by Tom Wakeley, 3D Printing Application Engineer
Often companies that are looking to get into the additive manufacturing space come to us with a benchmark file for us to print on the system they are interested in. This can be a great way to see if the machine in question can give you what you are looking for. However, coming in with a realistic expectation of what you are really looking to get is important.
Often, we get files that are not representative of what the company would ultimately be printing. These are parts that have features that are either achievable by other non-comparable technologies or parts that have features that are beyond achievable based on minimum features the manufacturers state the machine is capable of. Unfortunately, they can paint that technology in a bad light.
It would be best to submit a benchmark part that is or is similar to, parts you would expect to be running on the printer in question. Now here comes the tough point for some . . . be open-minded about your design. We do realize that some parts just have to be the way they were designed due to red tape in making changes. etc. But for parts that can be modified, don’t be reluctant to ask for possible changes that could give the benchmark part a chance to be a success. The Applications Engineers that run the machines on a daily basis are trained to know what will and what will not work and have firsthand experience. They can offer suggestions that can help make your part a success.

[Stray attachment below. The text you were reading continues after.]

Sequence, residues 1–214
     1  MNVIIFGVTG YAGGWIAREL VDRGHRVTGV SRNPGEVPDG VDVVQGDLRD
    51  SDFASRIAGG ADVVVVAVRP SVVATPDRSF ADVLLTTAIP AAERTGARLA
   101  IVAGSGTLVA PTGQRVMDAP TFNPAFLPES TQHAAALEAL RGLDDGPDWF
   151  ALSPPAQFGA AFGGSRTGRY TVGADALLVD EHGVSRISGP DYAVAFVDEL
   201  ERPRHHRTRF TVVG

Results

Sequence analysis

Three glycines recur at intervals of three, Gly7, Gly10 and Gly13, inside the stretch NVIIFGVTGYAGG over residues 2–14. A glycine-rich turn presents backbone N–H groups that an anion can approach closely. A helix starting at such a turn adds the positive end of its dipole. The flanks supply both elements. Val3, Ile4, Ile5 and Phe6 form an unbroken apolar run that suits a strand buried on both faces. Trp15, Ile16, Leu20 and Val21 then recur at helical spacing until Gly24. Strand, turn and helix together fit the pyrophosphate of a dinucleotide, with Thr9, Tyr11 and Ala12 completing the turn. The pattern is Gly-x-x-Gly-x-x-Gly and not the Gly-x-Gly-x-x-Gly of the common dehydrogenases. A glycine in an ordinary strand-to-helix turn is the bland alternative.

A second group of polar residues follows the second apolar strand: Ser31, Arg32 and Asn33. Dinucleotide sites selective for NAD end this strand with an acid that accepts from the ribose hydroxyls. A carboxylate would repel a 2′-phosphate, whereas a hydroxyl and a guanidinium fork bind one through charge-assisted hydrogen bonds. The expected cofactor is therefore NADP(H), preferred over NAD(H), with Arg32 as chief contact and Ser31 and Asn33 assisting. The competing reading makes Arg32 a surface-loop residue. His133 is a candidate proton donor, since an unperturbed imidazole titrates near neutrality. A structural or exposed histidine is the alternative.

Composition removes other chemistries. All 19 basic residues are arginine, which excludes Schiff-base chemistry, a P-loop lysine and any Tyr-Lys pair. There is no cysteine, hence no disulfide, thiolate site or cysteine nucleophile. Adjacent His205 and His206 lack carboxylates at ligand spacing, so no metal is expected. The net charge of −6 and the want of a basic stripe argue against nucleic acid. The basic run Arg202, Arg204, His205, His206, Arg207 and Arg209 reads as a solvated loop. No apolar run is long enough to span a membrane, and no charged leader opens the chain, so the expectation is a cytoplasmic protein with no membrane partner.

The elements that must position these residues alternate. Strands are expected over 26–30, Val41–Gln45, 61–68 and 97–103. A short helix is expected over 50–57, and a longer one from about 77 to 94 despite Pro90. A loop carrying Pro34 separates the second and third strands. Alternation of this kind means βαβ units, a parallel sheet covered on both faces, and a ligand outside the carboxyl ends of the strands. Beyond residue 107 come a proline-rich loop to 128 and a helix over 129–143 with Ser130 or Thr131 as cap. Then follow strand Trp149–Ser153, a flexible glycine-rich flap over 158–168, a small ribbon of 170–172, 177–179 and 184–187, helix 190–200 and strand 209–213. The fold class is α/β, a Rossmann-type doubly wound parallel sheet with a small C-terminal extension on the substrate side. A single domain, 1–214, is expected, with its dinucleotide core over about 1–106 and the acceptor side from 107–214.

On the flip side there are companies that are really excited to get into additive manufacturing and can be a bit over-zealous. That’s not entirely a bad thing, however, realistic expectations need to be kept. It’s easy to get swept up in all the cool printed things out there with organic designs and meshes and crazy features that can’t be produced another way. I would recommend that you consult the Applications Engineers for ideas that will work for the printer in question. If you are really looking to push the limits of what is possible you might want to wait until you purchase a machine and then do a deep dive into what is possible. Otherwise, you could lose perspective and not give a printer technology a fair shot.